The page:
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•   A BIANNUAL LITERARY MAGAZINE BROUGHT TO YOU BY DESI WRITERS' LOUNGE   •

Volume 7


Outside: Looking In - January 2011


Reportage

Afia Aslam

Written by
Afia Aslam

Editor of Papercuts. Also a blogger, a work-from-home mom, and a perennial writer in the making.

        
      
       
            
              

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Book, Meet Film – An Interview with Mohsin Hamid


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Read the first installment of this series here.

 

As promised, we are back with the second half of our special feature on novel and film adaptations. One of the most anticipated big screen adaptations of the coming year is Mohsin Hamid’s 2007 book, The Reluctant Fundamentalist, which is being directed by the incomparable Mira Nair (of Salaam Bombay! andMonsoon Wedding fame).

On a first read, The Reluctant Fundamentalist appears to be very much a book of its time. Set in New York and Lahore, it documents through a Pakistani immigrant’s eyes the change that America underwent after the 2001 attacks on the World Trade Center. The issues that Hamid picks up, however, are more far reaching and enduring than the political events of a specific era or country. He focuses as much on changing conceptions of home as he does on the ability to forge new connections in a world with increasingly fuzzy borders and boundaries. At the end of the day, this novel is about identity issues and deciding who you are, and that is what makes it so relevant to our theme.

A.A. What is the process by which this book is being turned into a movie? How involved have you been and what has it been like for you as an author to see it happening?

M.H. Mira contacted me shortly after the book was published in 2007. She was in London for the screening of The Namesake and took me out for lunch to discuss this project. She was full of enthusiasm for the book and was very charming, with a real love for Lahore, for Pakistan, for Pakistani music. The biggest impression I had of her that day was that I felt I trusted her. She seemed very sincere and well meaning and that put me at ease. She was making Amelia at the time, which was her first experience with a big studio film. Now she wanted to do a smaller film, one that she had complete control over and was more to her vision. She also wanted to do a film on Lahore and I think she was personally quite interested in this issue of Americans, Muslims and conflict. Her husband is a Columbia University professor who’s written a book called Good Muslim, Bad Muslim in which he’s explored exactly these issues.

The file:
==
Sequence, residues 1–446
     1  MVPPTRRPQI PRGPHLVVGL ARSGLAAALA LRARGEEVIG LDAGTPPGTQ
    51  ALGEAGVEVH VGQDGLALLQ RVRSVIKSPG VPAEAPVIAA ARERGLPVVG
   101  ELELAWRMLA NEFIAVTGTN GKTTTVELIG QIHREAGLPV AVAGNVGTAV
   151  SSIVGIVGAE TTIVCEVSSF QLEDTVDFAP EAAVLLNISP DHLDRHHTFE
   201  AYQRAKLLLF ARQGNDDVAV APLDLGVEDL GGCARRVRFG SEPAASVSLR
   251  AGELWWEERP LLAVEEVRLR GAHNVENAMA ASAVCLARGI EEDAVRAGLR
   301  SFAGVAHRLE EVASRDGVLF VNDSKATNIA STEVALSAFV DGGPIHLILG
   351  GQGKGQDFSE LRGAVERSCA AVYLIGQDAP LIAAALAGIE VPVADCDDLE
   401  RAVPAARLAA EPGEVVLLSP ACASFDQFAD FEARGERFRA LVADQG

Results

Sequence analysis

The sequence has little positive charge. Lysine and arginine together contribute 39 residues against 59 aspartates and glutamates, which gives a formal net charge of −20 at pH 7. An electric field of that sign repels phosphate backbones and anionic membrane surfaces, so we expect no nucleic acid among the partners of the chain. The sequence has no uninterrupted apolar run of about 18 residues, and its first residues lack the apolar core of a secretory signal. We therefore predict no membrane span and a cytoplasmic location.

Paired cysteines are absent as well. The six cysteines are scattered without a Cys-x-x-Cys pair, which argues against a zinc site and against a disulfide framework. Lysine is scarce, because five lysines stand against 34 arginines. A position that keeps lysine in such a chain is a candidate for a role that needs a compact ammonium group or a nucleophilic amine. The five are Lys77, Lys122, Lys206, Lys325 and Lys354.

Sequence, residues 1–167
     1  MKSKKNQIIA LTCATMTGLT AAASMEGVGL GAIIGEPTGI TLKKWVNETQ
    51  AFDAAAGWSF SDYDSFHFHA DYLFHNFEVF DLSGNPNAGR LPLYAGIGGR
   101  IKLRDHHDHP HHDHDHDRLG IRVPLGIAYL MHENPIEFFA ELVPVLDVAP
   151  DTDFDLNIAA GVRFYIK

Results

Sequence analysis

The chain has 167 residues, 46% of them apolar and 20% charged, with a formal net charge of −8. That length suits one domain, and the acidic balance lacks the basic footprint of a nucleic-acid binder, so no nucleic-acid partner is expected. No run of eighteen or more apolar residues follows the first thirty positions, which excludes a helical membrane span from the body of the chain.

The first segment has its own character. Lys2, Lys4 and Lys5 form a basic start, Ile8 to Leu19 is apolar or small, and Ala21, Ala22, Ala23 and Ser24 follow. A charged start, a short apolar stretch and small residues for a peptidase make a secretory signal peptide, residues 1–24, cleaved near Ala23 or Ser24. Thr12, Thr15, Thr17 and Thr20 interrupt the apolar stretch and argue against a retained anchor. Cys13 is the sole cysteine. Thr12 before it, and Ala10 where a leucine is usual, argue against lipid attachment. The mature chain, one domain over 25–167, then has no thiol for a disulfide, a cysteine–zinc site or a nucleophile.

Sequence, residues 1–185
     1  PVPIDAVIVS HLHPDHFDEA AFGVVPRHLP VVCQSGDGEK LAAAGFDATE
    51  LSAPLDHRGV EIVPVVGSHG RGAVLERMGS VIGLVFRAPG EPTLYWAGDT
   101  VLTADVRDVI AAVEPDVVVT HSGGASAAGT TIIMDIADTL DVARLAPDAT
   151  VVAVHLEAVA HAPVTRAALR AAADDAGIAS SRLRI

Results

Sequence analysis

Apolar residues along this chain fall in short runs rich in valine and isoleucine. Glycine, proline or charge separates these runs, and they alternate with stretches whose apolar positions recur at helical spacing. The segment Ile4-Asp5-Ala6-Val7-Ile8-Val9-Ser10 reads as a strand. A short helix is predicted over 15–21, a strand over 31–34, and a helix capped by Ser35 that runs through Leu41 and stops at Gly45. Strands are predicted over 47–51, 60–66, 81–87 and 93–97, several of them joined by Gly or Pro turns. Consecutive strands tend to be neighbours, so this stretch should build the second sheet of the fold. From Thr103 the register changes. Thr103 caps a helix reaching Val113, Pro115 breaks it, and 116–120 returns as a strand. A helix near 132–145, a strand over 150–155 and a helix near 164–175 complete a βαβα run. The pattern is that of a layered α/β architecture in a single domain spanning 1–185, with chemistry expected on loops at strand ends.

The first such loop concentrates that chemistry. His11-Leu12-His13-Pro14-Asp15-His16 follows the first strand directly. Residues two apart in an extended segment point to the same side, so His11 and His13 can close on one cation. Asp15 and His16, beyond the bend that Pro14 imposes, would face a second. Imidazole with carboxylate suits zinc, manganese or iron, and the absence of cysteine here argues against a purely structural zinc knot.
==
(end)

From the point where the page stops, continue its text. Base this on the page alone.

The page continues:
After that, our main challenge was to write a screenplay. Mira was finding it difficult to locate a screenwriter who combined the knowledge and expertise of a corporate environment in New York with a Pakistani and Lahori experience. She therefore suggested that she, her assistant and I co-write the screenplay. It was going to be difficult and delay my next novel but it would teach me how to write a screenplay. We spent several months writing the first draft.

A.A. What was it like for you as a novelist to write a screenplay?

M.H. As opposed to one person and their prose, which is what writing a novel is, co-writing a screenplay is about working collectively. It’s very different and quite fun. It’s about sitting in a room, writing a scene, laughing like crazy. We’d come up with some absurd thing that obviously none of the characters would ever say in the real thing (Changez says to the American, “HEY! Aren’t you my long lost cousin??”) and then we’d all crack up. I enjoyed it. On the other hand, it was challenging because as a novelist my novel was exactly what I wanted, but as a film it had to change. I had to think of it more as trying to realize Mira’s vision while also trying to create my own. That was very unusual.

Eventually, Mira retained another screenwriter called Bill Wheeler, who’s an American based in LA. We had a joint session in New York, talked about the screenplay, came up with ideas and now they’re taking things forward with him. For me, the journey this far was worthwhile and I learnt a lot, so maybe for my next book I will also try to make a film. I feel now I understand how one would do so.